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Title:Advancements in the Path Integral Monte Carlo Method for Many-Body Quantum Systems at Finite Temperature
Author(s):Esler, Kenneth Paul
Doctoral Committee Chair(s):Ceperley, David M.
Department / Program:Physics
Subject(s):Path integral Monte Carlo
Pair Density Matrices
Abstract:Path integral Monte Carlo (PIMC) is a quantum-level simulation method based on a stochastic sampling of the many-body thermal density matrix. Utilizing the imaginary-time formulation of Feynman's sum-over-histories, it includes thermal fluctuations and particle correlations in a natural way. Over the past two decades, PIMC has been applied to the study of the electron gas, hydrogen under extreme pressure, and supefluid helium with great success. However, the computational demand scales with a high power of the atomic number, preventing its application to systems containing heavier elements. In this dissertation, we present the methodological developments necessary to apply this powerful tool to these systems. We begin by introducing the PIMC method. We then explain how effective potentials with position-dependent electron masses can be used to significantly reduce the computational demand of the method for heavier elements, while retaining high accuracy. We explain how these pseudohamiltonians can be integrated into the PIMC simulation by computing the density matrix for the electron-ion pair. We then address the difficulties associated with the long-range behavior of the Coulomb potential, and improve a method to optimally partition particle interactions into real-space and reciprocal-space summations. We discuss the use of twist-averaged boundary conditions to reduce the finite-size effects in our simulations and the fixed-phase method needed to enforce the boundary conditions. Finally, we explain how a PIMC simulation of the electrons can be coupled to a classical Langevin dynamics simulation of the ions to achieve an efficient sampling of all degrees of freedom. After describing these advancements in methodology, we apply our new technology to fluid sodium near its liquid-vapor critical point. In particular, we explore the microscopic mechanisms which drive the continuous change from a dense metallic liquid to an expanded insulating vapor above the critical temperature. We show that the dynamic aggregation and dissociation of clusters of atoms play a significant role in determining the conductivity and that the formation of these clusters is highly density and temperature dependent. Finally, we suggest several avenues for research to further improve our simulations.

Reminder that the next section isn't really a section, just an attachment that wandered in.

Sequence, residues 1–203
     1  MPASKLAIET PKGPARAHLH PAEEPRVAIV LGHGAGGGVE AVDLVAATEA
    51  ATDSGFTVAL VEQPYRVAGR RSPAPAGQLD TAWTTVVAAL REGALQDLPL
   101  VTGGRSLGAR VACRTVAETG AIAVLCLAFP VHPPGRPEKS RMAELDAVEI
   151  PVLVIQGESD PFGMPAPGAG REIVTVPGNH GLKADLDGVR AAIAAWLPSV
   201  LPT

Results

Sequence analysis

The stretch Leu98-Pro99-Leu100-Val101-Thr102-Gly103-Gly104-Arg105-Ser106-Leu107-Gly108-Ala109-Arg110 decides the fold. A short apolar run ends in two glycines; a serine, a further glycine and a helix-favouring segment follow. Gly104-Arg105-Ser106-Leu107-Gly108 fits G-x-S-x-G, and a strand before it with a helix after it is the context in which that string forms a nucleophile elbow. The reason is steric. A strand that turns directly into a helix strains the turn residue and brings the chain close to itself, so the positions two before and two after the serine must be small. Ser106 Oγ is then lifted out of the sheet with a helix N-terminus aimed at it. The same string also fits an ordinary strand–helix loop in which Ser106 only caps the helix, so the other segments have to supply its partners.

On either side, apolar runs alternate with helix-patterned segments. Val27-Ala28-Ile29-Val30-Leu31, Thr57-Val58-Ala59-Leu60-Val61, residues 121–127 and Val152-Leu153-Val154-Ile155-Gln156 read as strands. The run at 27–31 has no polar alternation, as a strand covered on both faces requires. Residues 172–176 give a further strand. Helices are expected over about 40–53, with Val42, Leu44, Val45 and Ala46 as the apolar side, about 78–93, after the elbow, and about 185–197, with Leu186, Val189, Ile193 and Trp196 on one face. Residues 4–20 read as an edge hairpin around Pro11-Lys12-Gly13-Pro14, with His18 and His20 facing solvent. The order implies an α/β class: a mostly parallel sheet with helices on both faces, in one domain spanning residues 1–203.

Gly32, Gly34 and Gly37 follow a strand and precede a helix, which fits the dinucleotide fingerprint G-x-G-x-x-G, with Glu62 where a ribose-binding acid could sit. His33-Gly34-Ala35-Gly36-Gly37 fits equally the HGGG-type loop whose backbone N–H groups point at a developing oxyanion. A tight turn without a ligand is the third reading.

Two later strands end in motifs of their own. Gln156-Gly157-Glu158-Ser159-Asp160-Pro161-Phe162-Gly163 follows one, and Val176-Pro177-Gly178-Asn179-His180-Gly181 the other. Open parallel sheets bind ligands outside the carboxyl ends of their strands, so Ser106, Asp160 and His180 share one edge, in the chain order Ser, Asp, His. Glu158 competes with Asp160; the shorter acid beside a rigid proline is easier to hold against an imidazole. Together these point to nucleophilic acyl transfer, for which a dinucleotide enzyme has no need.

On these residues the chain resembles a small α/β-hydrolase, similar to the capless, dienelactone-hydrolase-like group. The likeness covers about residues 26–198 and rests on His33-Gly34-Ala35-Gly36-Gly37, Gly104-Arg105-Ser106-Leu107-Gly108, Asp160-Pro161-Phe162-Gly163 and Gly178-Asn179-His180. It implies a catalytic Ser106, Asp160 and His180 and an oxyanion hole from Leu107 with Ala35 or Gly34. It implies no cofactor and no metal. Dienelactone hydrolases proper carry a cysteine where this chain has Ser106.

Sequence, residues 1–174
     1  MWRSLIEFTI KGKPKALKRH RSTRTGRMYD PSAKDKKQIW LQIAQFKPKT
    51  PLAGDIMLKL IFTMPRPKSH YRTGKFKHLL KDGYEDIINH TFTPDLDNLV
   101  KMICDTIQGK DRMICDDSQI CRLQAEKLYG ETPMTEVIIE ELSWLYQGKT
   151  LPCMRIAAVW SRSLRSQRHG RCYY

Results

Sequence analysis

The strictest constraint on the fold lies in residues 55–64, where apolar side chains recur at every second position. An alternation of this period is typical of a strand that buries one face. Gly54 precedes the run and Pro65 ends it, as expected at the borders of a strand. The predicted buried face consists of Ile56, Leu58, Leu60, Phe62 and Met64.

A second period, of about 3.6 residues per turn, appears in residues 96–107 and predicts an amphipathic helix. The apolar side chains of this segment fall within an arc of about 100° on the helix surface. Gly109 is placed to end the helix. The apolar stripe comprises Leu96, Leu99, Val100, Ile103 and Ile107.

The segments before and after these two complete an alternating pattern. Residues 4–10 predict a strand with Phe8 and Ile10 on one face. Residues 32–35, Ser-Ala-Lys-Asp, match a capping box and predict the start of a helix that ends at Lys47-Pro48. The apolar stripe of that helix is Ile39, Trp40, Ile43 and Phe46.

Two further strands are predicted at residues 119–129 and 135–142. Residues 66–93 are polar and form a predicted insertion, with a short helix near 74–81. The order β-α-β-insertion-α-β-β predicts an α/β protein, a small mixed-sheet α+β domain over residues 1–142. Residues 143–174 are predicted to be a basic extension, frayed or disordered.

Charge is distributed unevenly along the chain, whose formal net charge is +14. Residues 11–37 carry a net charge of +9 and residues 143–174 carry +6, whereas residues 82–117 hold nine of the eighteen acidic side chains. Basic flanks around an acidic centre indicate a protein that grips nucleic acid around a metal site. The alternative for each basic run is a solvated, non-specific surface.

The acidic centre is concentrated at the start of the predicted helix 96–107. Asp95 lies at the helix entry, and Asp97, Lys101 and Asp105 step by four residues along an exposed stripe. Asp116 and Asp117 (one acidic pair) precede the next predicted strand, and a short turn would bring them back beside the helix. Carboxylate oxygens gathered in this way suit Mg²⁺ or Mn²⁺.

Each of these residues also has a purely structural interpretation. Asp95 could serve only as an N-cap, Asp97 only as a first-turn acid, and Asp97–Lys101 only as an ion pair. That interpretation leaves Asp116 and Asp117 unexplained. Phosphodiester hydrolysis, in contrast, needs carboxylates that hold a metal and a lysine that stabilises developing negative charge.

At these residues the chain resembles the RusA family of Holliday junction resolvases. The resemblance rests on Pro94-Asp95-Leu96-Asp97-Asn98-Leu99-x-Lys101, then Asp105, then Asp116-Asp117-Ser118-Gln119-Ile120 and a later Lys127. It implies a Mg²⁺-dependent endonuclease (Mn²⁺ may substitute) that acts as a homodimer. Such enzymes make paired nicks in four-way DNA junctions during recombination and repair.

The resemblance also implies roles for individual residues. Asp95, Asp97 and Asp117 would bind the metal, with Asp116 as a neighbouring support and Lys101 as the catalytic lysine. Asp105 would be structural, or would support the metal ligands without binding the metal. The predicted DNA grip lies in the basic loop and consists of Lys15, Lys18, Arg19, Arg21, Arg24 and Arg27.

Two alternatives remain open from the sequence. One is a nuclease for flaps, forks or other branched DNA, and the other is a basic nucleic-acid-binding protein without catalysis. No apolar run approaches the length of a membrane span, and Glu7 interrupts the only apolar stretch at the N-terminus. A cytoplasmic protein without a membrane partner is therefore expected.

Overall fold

Issue Date:2006-10
Genre:Dissertation / Thesis
Rights Information:©2006 Kenneth Paul Esler
Date Available in IDEALS:2012-10-12
Identifier in Online Catalog:5639978

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